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3rd-grade teacher shares how Tennessee ‘book ban’ law keeps her students from reading books in class

·5-min read

A frustrated third-grade teacher revealed why she had to come to school on a Saturday — and why her students can’t read books in class — and parents are in utter disbelief.

Teacher and mom Sydney Rawls went viral last month when she shared the impact a new Tennessee law has had on her classroom — and on her personal time. Since then the video has amassed over 2.3 million views and 13,000 incensed comments.

The law, called the Age-Appropriate Materials Act, requires public schools to “post online a list of the materials in their libraries” for parents to review.

But according to Rawls’s now-viral video, the process is much more complicated than that — so much so, it’s requiring teachers to work unpaid hours, all so their students can read books in the classroom.

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In her video, Rawls breaks down the complicated approval process required by this new law.

First, teachers must catalog the title and author of each and every book currently in their classroom library — of which some teachers have hundreds, if not thousands.

That catalog then gets passed along to the school librarian, who checks that list against a list of approved books. The librarian then lets the teacher know which of their books is not on the approved list.

The teacher is then required to go through their library all over again and remove those books. Meanwhile, a list of those removed books is sent along to “someone higher up,” says Rawls — “probably someone that’s never been in a classroom, that’s never taught children.”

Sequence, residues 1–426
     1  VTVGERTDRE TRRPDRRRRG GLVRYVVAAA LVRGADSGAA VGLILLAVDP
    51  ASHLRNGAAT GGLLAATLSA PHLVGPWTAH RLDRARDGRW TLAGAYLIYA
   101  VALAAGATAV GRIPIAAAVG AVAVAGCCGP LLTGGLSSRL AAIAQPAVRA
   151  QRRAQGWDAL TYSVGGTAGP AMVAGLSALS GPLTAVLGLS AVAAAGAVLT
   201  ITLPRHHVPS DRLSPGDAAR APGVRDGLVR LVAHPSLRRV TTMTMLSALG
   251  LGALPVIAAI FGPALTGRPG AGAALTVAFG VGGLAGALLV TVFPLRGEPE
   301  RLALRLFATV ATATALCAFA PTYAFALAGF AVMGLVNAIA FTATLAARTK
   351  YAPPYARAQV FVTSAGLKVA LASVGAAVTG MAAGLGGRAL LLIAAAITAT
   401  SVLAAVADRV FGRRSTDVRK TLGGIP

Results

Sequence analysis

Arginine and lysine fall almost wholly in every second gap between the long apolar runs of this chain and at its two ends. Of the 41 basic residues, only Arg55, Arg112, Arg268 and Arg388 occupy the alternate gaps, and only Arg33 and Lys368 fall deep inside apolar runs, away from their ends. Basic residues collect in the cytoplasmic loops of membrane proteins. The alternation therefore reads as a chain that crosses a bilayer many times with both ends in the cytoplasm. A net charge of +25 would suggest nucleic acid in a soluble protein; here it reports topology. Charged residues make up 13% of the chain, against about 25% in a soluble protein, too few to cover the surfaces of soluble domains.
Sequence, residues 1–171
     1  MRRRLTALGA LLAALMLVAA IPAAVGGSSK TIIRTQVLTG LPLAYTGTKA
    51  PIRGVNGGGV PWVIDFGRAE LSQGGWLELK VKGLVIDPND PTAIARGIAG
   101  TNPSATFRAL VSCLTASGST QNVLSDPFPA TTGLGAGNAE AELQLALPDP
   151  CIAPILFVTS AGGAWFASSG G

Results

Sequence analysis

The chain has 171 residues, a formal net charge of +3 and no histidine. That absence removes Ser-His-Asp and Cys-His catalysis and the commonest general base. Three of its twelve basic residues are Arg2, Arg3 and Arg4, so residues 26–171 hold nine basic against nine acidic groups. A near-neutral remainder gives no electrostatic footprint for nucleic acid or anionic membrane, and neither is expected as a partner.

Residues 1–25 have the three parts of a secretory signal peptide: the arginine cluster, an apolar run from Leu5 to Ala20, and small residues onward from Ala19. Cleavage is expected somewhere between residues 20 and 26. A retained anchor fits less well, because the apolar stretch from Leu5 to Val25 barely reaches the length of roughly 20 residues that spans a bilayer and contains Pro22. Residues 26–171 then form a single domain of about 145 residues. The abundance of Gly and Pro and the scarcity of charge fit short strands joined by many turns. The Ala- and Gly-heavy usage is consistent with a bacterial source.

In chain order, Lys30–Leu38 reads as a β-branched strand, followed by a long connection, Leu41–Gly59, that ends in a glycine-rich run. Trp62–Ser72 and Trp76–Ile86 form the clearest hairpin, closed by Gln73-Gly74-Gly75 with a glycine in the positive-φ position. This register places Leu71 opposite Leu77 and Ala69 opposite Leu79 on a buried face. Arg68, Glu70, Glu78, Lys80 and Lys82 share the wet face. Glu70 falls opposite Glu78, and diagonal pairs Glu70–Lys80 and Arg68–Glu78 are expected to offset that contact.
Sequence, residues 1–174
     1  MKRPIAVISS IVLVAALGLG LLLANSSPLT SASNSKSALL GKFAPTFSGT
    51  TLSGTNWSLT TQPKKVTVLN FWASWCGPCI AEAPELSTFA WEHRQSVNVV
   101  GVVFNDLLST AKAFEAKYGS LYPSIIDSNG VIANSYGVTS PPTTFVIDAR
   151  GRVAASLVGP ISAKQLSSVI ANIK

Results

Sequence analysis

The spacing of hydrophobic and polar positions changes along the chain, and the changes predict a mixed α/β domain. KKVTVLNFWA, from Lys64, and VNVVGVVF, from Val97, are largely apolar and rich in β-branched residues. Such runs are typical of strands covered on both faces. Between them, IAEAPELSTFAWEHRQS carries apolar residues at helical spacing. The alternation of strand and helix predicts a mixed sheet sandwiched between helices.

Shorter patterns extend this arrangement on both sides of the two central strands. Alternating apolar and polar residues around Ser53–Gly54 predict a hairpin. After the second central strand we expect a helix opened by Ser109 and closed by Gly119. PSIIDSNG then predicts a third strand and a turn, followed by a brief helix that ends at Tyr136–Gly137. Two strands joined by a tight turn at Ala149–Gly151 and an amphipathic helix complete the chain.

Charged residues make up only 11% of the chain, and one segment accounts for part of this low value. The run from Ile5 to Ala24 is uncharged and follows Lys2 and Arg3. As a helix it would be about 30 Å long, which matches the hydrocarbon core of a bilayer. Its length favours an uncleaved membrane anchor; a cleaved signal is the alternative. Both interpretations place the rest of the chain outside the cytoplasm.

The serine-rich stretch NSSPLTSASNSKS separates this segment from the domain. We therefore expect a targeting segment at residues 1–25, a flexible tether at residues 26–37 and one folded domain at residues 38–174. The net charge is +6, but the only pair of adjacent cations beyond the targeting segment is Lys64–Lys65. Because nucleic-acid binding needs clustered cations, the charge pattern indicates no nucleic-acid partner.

Those “higher-ups” then review the list, and they determine if those books are “appropriate or not appropriate.” They then send that feedback back to the school — requiring the teacher to, once again, go through their library.

After that, teachers must post online the final list of books in their library for parents’ review, allowing them the opportunity to “chime in” about books in their classroom.

Until all of these steps are completed, children in Rawls’s classroom are not allowed to read any of her books — no matter how much they beg.

“Sad times to be a teacher,” one comment on Rawls’s video reads.

“And people wonder why teachers are leaving in droves,” another comment reads.

“Every day the school systems is less and less a place for kids/teachers to thrive. I’m so sorry you’re having to do this,” one user commented.

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“I pay for those books…”

Unfortunately, Tennessee isn’t the only state burdening its overworked and underpaid teachers with book bans and censorship.

In Oklahoma, a teacher recently resigned after she was forced to either box up problematic books, turn them around so that the spines faced inward or cover them with butcher paper.